October 10th, 2018, 08:08 PM  #1 
Newbie Joined: Oct 2018 From: Indonesia Posts: 1 Thanks: 0  Module theory in abstract algebra
Hello guys, my lecture ask me to find the application of module theory in real life. Anybody can give me some example? 
October 10th, 2018, 08:50 PM  #2 
Senior Member Joined: Sep 2016 From: USA Posts: 685 Thanks: 461 Math Focus: Dynamical systems, analytic function theory, numerics 
Vector spaces are specific cases of modules and its hard to avoid applications of vector spaces in real life.

October 10th, 2018, 08:56 PM  #3  
Senior Member Joined: Aug 2012 Posts: 2,427 Thanks: 760  Quote:
OP, is this for a math class? Or perhaps a computer science class? That could be a possibility. ps  I found this: https://mathoverflow.net/questions/6...tativealgebra This is mathoverflow, a site for professional mathematicians. The question was what are the applications of commutative algebra, which is essentially the study of modules over a commutative ring. The only positive response was: The book "Ideals, Varieties, and Algorithms: An Introduction to Computational Algebraic Geometry and Commutative Algebra" by Cox, Little & O'Shea, contains some "real world" applications, specifically chapter 6 (of the 3rd edition) is titled "Robotics and Automatic Geometric Theorem Proving".. I think that's pretty abstract for the level this question was asked. You'd have to really stretch. For example a grocer sells apples and oranges. Every day he sells an integer number of each (could be negative, maybe someone delivers more than he sells that day). So nA + mO is the expression for the number of apples and oranges he sells, and the set of all such expressions is a the twodimensional free module over the integers. If I had to answer this question and couldn't fall back on vector spaces, this is the best I could do. Can anyone think of an application of $\mathbb Z$modules that isn't overkill, such as the free module generated by apples and oranges? Last edited by Maschke; October 10th, 2018 at 09:31 PM.  
October 10th, 2018, 09:38 PM  #4  
Senior Member Joined: Sep 2016 From: USA Posts: 685 Thanks: 461 Math Focus: Dynamical systems, analytic function theory, numerics  Quote:
There are also applications of modules which aren't vector spaces but as you have mentioned they are much more sparse. One example is computing homology for cubical complexes which is heavily used in topological data analysis.  
October 10th, 2018, 09:54 PM  #5 
Senior Member Joined: Aug 2012 Posts: 2,427 Thanks: 760  Did I? I just noted that it's hard to find pure examples. Today I learned! 
October 11th, 2018, 12:01 AM  #6 
Senior Member Joined: Oct 2009 Posts: 912 Thanks: 354  What is a pure example? Modules can be used to generalize some nice theorems and give nicer proofs of other theorems. For example, the classification theorem of finitely generated modules of a PID generalizes both 1) The classification of finite(ly generated) abelian groups 2) The classification of finitedimensional vector spaces and can further be used to give proofs of stuff like the rational and the Jordan canonical form, which can then further be used to solve systems of linear differential equations. Sure, all of this can be done without modules. But modules offer a nice context to look at these different ideas combined. Same thing with modules in representation theory, they offer a nice fundamental context to look at some results. Sure, you can do without modules, but with modules is just nicer.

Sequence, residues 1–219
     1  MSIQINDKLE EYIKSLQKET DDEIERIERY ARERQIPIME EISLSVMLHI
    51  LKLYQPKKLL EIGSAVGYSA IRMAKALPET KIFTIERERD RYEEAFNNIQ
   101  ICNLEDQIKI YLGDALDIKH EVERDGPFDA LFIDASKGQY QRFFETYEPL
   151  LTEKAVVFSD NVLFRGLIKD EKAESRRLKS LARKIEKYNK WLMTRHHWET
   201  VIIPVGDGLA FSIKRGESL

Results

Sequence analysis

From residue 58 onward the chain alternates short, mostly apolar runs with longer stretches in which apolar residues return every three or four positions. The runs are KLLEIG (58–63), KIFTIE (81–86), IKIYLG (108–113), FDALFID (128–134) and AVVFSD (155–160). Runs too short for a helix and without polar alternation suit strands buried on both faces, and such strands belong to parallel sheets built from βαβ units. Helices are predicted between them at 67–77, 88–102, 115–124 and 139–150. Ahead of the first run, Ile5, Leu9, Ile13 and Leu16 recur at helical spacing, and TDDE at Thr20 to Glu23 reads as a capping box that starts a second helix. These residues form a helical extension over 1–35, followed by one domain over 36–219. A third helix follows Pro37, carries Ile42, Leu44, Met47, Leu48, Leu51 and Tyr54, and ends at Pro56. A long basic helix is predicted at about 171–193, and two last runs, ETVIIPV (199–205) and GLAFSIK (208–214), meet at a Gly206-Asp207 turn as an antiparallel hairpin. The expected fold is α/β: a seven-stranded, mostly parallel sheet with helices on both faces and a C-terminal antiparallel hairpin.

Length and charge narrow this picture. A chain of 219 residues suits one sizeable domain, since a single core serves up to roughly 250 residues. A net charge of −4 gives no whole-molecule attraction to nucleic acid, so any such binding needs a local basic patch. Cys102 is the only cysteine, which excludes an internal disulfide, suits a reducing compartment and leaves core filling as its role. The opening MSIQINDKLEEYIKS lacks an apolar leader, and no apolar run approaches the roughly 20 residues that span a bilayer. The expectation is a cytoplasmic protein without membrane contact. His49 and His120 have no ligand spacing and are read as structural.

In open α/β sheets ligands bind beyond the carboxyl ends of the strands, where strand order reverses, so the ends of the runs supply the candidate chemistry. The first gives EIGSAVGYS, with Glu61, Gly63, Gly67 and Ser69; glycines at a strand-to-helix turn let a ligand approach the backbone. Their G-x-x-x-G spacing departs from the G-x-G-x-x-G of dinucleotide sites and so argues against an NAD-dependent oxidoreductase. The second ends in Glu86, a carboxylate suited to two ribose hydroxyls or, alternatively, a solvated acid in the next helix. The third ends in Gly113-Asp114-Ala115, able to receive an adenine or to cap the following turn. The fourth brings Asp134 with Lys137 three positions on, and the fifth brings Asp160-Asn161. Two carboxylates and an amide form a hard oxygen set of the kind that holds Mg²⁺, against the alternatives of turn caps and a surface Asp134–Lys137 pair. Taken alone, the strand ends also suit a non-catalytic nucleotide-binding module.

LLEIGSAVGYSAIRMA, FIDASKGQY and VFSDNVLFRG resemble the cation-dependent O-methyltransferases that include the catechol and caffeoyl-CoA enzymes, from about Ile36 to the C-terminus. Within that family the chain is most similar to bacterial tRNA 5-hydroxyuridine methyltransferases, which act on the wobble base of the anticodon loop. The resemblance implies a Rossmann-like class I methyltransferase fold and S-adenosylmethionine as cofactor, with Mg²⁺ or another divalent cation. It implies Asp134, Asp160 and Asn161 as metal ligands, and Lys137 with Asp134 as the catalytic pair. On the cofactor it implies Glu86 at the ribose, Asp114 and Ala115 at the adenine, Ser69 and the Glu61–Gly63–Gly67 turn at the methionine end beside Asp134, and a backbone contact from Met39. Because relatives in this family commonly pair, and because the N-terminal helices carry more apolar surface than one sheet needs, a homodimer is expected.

October 11th, 2018, 04:48 AM  #7  
Senior Member Joined: Aug 2012 Posts: 2,427 Thanks: 760  Quote:
A pure example is a realworld application of modules that doesn't rely on the fact that vector spaces, which do have wellknown applications, are modules. Last edited by Maschke; October 11th, 2018 at 04:51 AM.  
October 11th, 2018, 06:25 AM  #8  
Senior Member Joined: Oct 2009 Posts: 912 Thanks: 354  Quote:
Aside, I think if you're in a math class that covers modules, you really shouldn't need motivation about the "realworld applications" anymore....  
October 11th, 2018, 10:45 AM  #9 
Senior Member Joined: Aug 2012 Posts: 2,427 Thanks: 760  I totally agree, which is why I said it was a strange question for a math professor to ask. Didn't I write that? Now I'm starting to wonder if I write one thing and people read something entirely different.

October 11th, 2018, 10:50 AM  #10 
Senior Member Joined: Sep 2016 From: USA Posts: 685 Thanks: 461 Math Focus: Dynamical systems, analytic function theory, numerics  This may be true in characteristic 0 but I'm not sure why the characteristic matters as long as the Jacobian is invertible.


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